The Reason Why Koreans Are So Tired

December 30, 2011 § Leave a comment

Ever wonder why your Korean friend (or at least his/her parents) firmly believe in the ‘all work, no play’ mentality? It’s probably because the whole nation is obsessed with studying, and that’s never been as clearly summarized as in the following picture. I laughed so hard when I found out about this! This picture has been circulating in Korean cyberspace for a few weeks now, of five titles (all translation is mine) that have been collected to show that “The reason why Koreans are so tired is not because of the liver” (picture from 한국인이 피곤한 이유, 간 때문이 아니다):

In order from left to right are the following titles:

10대 꿈을 위해 공부에 미쳐라: In your teens, study like crazy to reach your dreams

20대 공부에 미쳐라: In your 20s, study like crazy

30대, 다시 공부에 미쳐라: In your 30s, study like crazy again

40대 공부 다시 시작하라: In your 40s, start studying again

공부하다 죽어라 : Study until death

As demonstrated by the above titles (they’re not part of series, although it seems like they could be, right?)… studying and being crazy while doing it is often recommended, and lauded in Korea culture. The Korean people’s passion for education and their dedication to studying is not new; however, this picture delineates the obsession in a way that is more clear (and funny) than before. I don’t read that many Korean books but I hope there are some out there to counter these titles with something like “In your 20s, try new things” and “In your 40s, adopt a new hobby”.

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Ten ways Seoul can improve itself in 2012

December 27, 2011 § Leave a comment

CNNGo.com/seoul is a news source I go to once in a while for interesting news in Korea, and the recently posted article 2012 New Year’s resolutions for Seoul really hit the mark! Some of the resolutions the writers suggest are things that have bothered foreigners (like me and the friends I met back in 2010) and natives for a long time–take the lack of public garbage cans, for instance, or the VERY over-priced coffee. My thoughts on the ten!

1. No more gargantuan cosmetic surgery ads

Yes, please! People say that you always know when you’re in the Apgujeong/Gangnam area, because the subway stops are plastered in creepy, huge plastic surgery adverts featuring extremely pale and inorganic, surgified (I made that word up) faces. The messages that these advertisements are sending are so deceptive and ingrained in Korean standards of beauty that Korea is the plastic surgery capital of the world. Back in 2010 I mainly saw ads with pictures of slimmed down jawlines or double eyelids, but then when I went back in 2011 I saw breast-augmentation ads too. This was surprising to me because Koreans care more about facial features or being skinny than the chest area but I guess that’s changing…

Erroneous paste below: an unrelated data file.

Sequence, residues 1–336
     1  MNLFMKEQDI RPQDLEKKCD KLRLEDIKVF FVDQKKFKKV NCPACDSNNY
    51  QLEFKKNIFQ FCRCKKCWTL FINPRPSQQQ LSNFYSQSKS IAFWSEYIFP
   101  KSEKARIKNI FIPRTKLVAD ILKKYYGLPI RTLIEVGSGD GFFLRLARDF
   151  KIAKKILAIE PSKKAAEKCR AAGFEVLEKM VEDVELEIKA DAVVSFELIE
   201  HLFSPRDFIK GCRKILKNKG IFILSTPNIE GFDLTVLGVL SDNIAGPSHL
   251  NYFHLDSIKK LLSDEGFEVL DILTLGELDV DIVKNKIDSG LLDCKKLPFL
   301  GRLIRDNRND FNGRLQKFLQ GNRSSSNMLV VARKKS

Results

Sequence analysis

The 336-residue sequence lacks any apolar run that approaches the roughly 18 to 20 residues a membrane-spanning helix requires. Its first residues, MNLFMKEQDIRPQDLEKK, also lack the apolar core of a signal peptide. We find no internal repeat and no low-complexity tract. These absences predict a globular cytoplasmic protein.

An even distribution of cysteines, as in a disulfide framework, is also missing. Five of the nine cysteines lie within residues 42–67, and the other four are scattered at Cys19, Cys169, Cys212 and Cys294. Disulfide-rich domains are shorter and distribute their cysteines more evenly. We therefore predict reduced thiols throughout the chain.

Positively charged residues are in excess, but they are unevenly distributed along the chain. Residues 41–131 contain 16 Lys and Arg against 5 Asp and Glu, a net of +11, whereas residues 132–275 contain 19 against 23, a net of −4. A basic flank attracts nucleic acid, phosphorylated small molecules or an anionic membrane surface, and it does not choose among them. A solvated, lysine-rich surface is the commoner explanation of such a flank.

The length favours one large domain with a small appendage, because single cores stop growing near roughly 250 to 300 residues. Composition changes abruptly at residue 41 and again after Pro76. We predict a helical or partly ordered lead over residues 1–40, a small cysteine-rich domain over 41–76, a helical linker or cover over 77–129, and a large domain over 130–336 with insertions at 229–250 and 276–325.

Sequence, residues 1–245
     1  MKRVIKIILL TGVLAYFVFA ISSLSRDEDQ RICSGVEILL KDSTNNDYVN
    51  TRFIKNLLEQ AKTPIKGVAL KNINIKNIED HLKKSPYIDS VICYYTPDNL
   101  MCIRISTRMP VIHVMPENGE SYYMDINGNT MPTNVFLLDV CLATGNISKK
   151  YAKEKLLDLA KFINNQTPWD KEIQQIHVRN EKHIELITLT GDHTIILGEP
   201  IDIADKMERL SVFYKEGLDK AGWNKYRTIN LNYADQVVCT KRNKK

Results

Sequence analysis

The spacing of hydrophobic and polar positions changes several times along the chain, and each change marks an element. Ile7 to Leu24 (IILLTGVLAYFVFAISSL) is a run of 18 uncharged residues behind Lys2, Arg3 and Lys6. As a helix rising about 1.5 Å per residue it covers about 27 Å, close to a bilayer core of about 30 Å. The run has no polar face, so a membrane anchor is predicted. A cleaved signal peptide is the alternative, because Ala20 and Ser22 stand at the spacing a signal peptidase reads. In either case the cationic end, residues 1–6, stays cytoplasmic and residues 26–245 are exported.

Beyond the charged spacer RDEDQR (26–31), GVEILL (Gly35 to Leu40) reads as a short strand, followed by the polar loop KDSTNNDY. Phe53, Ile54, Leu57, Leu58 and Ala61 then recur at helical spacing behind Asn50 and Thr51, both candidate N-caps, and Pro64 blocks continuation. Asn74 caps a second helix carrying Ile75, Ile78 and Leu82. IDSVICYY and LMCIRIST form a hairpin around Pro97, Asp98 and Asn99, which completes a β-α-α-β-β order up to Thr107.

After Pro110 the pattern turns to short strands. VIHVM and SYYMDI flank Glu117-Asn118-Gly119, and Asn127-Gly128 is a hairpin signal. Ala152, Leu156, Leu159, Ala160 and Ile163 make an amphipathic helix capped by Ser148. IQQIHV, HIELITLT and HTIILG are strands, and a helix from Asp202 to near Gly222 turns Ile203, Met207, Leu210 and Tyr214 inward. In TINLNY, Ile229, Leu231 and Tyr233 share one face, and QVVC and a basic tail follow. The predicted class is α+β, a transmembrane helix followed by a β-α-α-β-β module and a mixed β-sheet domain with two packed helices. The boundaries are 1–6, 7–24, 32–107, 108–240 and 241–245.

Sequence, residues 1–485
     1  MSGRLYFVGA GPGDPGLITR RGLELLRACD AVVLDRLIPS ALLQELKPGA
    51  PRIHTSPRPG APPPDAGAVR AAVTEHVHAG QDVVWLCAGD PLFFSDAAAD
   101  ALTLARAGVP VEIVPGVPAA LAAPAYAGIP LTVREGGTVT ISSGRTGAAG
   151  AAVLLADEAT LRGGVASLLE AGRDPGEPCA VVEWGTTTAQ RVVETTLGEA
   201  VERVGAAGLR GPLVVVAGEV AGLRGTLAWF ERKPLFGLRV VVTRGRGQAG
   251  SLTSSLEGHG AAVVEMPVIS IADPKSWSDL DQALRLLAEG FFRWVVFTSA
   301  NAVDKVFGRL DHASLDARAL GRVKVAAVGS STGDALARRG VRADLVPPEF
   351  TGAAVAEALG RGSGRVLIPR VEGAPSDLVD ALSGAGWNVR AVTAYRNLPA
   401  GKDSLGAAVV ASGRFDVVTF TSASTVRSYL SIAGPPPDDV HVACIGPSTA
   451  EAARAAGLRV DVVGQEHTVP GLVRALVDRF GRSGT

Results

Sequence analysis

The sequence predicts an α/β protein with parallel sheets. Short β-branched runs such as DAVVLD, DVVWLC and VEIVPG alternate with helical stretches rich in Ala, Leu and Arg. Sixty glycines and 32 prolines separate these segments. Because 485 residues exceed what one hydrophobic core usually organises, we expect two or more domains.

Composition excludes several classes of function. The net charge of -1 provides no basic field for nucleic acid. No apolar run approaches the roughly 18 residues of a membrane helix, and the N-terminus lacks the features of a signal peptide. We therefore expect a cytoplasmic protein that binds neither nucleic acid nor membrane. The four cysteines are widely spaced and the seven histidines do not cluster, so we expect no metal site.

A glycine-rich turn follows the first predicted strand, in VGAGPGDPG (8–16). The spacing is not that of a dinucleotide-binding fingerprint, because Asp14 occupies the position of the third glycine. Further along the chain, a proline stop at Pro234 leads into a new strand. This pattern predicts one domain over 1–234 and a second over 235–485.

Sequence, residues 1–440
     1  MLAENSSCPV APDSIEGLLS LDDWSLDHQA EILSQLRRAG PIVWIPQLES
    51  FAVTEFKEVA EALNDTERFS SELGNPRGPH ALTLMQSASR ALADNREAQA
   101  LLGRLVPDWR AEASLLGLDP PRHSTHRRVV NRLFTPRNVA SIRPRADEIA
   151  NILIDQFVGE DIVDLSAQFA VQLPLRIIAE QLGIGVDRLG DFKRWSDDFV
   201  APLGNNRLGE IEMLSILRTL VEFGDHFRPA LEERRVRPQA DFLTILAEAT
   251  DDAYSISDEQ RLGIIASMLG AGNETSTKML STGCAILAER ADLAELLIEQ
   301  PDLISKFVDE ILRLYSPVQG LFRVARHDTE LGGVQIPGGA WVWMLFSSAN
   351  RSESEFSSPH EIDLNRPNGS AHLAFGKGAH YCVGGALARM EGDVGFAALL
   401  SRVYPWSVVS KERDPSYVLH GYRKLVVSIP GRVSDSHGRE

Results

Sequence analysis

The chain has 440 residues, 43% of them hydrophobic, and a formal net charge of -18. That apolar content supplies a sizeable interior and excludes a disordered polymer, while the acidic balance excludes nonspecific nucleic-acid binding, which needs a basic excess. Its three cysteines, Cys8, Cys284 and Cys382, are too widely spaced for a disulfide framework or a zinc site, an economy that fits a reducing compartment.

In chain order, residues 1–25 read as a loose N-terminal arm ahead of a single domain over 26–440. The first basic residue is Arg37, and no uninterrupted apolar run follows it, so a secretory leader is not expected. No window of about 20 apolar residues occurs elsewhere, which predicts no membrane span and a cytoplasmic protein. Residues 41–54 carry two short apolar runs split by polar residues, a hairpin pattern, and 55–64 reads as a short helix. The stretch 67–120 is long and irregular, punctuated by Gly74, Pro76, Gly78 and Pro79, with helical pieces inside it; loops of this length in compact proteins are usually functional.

2. Make coffee more affordable (and better-tasting)

There is a saying in Korean, which is ‘배보다 배꼽이 더 크다’ meaning ‘the belly button is bigger than the belly’. You would use this if you ate a meal and, upon ordering dessert, realize the dessert cost more than the main meal–or if the shipping and handling fee for a package costs more than what you’re sending to begin with. I would say this applies to the price of coffee at many chain stores as well–the coffee/drinks are 4,500 won and up when I can easily get meals for about that price or even cheaper. « Read the rest of this entry »

Common Mistakes Companies Make When Entering the Korean Market

December 23, 2011 § Leave a comment

Even though I’m of Korean descent, I experienced strong cultural shock when I went to Korea for the first extended period of time in 2010. Then, when I went back in 2011, I thought I would be prepared for the trip but I again experienced culture shock, this time in the workplace. The lessons illustrated below are just one example of the differences between Korean and American (business) culture. Some lessons bear repeating, so if you missed this two-part article a few years back, here it is again. (Both articles by Tom Coyner, Soft Landing Consulting, 2008).

How Not to Enter Korean Market (Part I)

The basic story is that company A’s “Division Two” hired a local business development manager, ‘Mr. Kim’, but that miscommunication concerning job titles as well as American versus Korean labor laws (and termination procedures) led to the firing of Mr. Kim without due process.

Division Two’s Asia regional manager (let’s call him Mark), who had prior Korean work experience, came to Seoul from their regional headquarters and hired a bilingual Korean man (we shall refer to him as Mr. Kim) who had just turned 60 years old, though he looked and acted much younger. Mr. Kim was given the artwork for his business cards and told to produce bilingual cards in Korea.

A few weeks later, Mr. Kim was sent to Acme’s regional office for orientation. During that time, Mr. Kim showed Mark his business cards. To Mark’s chagrin, Mr. Kim’s card depicted him as president of Acme Services Korea. Mr. Kim’s real position was that of local business development manager ― a euphemism for salesman. Mark ordered Mr. Kim to recreate the cards with the correct business title. « Read the rest of this entry »

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